• dutchkimble@lemy.lol
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            1 month ago

            Pro tip: When the airline supplies that, you can add your own boogers for a more authentic taste and you can bring as many as you can, they don’t count towards your cabin luggage weight limit. The one trick airlines DON’T want you to know.

    • AA5B@lemmy.world
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      1 month ago

      Or, they could focus on making their flights as comfortable and stress free as possible, make flying a pleasure again, and fewer loonies will lose it. Imagine if we all had a good experience flying?

      • inb4_FoundTheVegan@lemmy.world
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        1 month ago

        Ticket prices originally used to be fixed by the goverment, which made airlines try to offer the best experince as a way to attract customers. But then lobbyists chanted “deregulation” enough times and airlines could set their own prices. Which of course started a race to the bottom where the way to attract customers was now to slash costs. It’s a big reason how back in the 50s being a commercial airline pilots or flight attendent was prestigious profession, became today where most of a flight crew, pilot included, qualify for SNAP.

        • Solemn@lemmy.dbzer0.com
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          1 month ago

          I’m not exactly a deregulation fan, but this race to the bottom also democratized access to air travel. When the prices were fixed, they weren’t exactly fixed at anything near the cheap prices we have now (when adjusted for inflation).

          • Thetimefarm@lemm.ee
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            1 month ago

            Yeah exactly, people talk about how flying used to be so glamorous like it’s somehow not the same as international first class is today. I walked through the first class section on a transatlantic flight once and they had fully reclining lazy boy style seats with blankets and nice food/booze. All the seats were staggered so they could fully recline and had privacy screens you could draw shut. But those tickets are thousands of dollars, like $1000-$1500/hour of flight time at minimum, if you want to spend 20k USD you can basically cross the ocean in a flying hotel.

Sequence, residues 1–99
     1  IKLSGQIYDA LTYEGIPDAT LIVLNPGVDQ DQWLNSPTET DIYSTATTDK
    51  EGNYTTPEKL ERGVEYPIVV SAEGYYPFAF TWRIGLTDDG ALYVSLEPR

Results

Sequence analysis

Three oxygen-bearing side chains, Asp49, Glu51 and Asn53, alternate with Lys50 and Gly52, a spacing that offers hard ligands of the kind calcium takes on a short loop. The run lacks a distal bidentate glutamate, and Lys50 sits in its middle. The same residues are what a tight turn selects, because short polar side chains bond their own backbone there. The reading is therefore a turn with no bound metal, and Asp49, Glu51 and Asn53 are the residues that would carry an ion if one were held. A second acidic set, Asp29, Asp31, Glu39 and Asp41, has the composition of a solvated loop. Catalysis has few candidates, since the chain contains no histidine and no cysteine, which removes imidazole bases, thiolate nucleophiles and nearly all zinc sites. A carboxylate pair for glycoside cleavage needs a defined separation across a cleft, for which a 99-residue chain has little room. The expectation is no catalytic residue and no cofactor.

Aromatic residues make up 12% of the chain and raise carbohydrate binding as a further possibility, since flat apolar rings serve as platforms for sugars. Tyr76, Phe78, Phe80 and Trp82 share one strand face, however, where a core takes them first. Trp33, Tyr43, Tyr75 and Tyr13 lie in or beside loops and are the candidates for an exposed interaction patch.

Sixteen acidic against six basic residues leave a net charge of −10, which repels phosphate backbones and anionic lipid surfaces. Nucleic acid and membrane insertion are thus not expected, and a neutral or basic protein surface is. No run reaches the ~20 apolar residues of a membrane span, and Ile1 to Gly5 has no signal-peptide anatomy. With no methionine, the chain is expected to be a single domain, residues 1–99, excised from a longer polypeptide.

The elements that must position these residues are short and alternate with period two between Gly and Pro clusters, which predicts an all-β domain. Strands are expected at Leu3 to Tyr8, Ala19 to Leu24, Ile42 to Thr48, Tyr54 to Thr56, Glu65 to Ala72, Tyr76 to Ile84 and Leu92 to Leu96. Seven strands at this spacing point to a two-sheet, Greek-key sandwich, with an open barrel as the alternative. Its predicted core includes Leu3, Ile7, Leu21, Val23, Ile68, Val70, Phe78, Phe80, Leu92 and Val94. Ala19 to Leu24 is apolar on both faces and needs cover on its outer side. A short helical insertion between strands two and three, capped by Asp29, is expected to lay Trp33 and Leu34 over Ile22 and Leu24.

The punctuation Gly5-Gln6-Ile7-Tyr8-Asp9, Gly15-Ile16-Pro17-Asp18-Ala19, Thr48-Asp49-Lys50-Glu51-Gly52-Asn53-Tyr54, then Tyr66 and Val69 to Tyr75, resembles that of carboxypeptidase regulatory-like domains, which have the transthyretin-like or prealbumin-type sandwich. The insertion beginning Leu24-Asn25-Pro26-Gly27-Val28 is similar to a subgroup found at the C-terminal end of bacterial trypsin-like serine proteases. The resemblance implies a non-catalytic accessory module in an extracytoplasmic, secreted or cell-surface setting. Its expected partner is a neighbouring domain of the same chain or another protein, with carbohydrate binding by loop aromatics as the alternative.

• Todd Bonzalez@lemm.ee
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        1 month ago

        make flying a pleasure again

        With all due respect, what the hell are you talking about? Flying has never been “a pleasure”. Back in the 70’s it was basically low altitude turbulence all the way from point A to point B, in a tube full of cigarette smoke.

        Planes have only gotten more comfortable over time. Higher altitudes mean smoother and faster trips. Better cabin pressurization has made physical side effects of flying, like gastric issues, headaches, and fatigue far less of a problem. Better rules and processes have been introduced to make the flight nicer and safer. Seat size and leg space can be pretty limited, but I’ve never encountered anything completely unacceptable in my many times flying.

        I think it’s obvious what the problem is: Americans. We fucking suck. Planes are the same all over the world, and yet America has the lion’s share of the nightmare passenger stories, because we have an attitude problem.

        This was a 2h40m flight from Dallas to Charlotte. I don’t think you can blame the plane for this passenger’s downright animalistic attitude towards airline staff during a short flight.

        • Semi-Hemi-Lemmygod@lemmy.world